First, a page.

Tove's second Moomin book, Comet in Moominland (1946), was also born in the shadow of war. Although it is not really a war novel, it is a book about great disasters. In it, the Moomins continue their encounters with natural forces and disasters, but these are now even more violent, and occur at an even more rapid pace. The action progresses through familiar landscapes, from the peaceful Moominvalley to scenes of destruction and horror echoing the Bible: a comet is rushing towards the Earth, threatening to destroy the Moomin world, and with it the world as a whole. As the comet comes closer, the Earth heats up and the natural world is turned upside down: the seas recede and dry up, locusts arrive from Egypt and hurricanes rage.
By the time the comet finally crashes to Earth, the family has moved to a cave that they have insulated from the overheated, red-hot world. Surrounded by thundering, banging and hissing, their life in the cave is unpleasant, and they have no idea of what is happening outside:
"The whole mountain shook and trembled around them and the comet howled as if terrified, or as if the Earth itself was screaming.
"They lay still and held on to one another for a long time. From outside came the rolling echo of shattering rocks and soil. Time became dreadfully elongated, and each of them felt they were quite alone."
These moments of terror are described with a realism that only an author who had experienced something similar could have achieved. During heavy air raids, it was nerve-wracking not to know what was happening outside. If the raids went on for a long time, it was all too easy to believe that everything outside had been destroyed. The atomic bombs that were dropped on Hiroshima and Nagasaki in 1945 made the prospect of global destruction real. They meant that there was something even worse than what Finland had experienced during its wars. The possibility of global nuclear conflict caused shock, and it affected people all over the world.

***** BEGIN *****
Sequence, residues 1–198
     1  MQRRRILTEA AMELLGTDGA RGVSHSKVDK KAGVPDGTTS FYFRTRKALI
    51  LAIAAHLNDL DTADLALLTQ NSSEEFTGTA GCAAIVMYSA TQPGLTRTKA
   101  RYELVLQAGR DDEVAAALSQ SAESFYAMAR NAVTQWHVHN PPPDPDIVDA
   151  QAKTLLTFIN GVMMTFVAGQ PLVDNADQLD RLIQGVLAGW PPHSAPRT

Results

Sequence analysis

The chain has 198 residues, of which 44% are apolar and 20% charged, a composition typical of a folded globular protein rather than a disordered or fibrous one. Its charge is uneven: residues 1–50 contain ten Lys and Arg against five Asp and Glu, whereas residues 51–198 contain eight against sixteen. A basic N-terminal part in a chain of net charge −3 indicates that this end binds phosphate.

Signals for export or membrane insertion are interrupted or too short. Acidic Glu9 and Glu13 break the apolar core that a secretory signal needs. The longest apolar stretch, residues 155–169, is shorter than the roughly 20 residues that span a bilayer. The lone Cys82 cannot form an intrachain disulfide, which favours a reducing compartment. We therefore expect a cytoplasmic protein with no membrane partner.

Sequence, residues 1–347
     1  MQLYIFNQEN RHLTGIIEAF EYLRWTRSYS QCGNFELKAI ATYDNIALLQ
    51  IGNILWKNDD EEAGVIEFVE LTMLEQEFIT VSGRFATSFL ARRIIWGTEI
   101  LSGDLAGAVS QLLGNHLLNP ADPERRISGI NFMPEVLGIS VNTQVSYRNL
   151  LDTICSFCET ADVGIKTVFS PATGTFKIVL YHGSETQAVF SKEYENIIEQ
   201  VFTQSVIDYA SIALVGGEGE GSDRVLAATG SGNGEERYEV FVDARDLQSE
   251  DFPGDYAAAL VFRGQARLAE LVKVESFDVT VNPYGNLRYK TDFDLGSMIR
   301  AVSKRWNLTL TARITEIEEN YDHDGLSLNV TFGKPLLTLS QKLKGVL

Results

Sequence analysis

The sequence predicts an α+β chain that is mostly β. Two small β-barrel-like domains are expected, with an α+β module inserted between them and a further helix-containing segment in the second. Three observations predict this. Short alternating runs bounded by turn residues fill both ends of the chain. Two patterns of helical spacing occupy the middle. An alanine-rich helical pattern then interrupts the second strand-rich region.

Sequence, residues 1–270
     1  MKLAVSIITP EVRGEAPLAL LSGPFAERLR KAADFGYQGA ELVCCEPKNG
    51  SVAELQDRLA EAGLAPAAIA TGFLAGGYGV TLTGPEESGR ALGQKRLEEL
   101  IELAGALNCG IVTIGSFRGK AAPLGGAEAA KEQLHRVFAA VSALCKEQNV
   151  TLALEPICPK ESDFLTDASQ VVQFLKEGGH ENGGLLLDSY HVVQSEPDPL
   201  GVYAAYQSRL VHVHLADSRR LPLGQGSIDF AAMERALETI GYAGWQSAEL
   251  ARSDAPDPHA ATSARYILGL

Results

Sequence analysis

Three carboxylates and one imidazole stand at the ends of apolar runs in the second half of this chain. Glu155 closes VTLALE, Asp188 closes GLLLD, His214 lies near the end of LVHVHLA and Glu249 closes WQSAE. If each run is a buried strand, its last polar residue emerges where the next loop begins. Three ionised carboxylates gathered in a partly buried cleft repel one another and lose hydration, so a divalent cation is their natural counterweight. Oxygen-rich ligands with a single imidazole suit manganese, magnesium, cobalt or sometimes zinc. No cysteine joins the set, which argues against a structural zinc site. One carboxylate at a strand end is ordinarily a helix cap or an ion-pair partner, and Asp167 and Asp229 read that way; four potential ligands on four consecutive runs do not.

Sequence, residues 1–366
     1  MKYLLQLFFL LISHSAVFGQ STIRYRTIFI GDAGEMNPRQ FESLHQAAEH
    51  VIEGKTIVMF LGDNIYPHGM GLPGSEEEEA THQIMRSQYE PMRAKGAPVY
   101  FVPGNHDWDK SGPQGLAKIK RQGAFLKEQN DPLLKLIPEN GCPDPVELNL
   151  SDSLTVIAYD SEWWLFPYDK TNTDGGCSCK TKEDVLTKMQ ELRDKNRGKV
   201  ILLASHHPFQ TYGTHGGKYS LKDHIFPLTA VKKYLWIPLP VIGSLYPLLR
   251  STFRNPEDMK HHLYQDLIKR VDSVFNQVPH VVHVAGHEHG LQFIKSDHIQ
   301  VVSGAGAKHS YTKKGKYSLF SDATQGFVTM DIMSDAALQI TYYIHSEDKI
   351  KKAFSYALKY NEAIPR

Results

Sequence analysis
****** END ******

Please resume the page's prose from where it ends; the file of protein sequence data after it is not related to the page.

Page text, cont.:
Much of this had a direct effect on Moominvalley. The knowledge that the world could be destroyed by just the push of a button certainly influenced the books. The threat of total annihilation is therefore a major theme and a highly original one in a book for children.
The description of the change in the natural environment reads as though it came from news reports of the nuclear explosions. In the story, the air becomes intolerably hot and the sky a fiery red. It looks as though life will not be possible for much longer, and only a cave can save the travelling Moomins. They go deep inside the mountain and stay there, without knowing whether anything of the Earth remains.
It is wonderful news when they learn that the world has not been destroyed. The evil is in the past and the sky is blue again – the hot, red world was a nightmare that is now over. There is a sense of "all's well that ends well", of the happy ending that children deserved: "The sky, the sun and the mountain are still there, she said solemnly. And the sea, Moomintroll whispered." Snufkin's mouth organ has all its notes again, and he plays it happily. As in Moominland, so in Finland – this is surely how the Finns would feel when the war was over and they were able to continue their lives.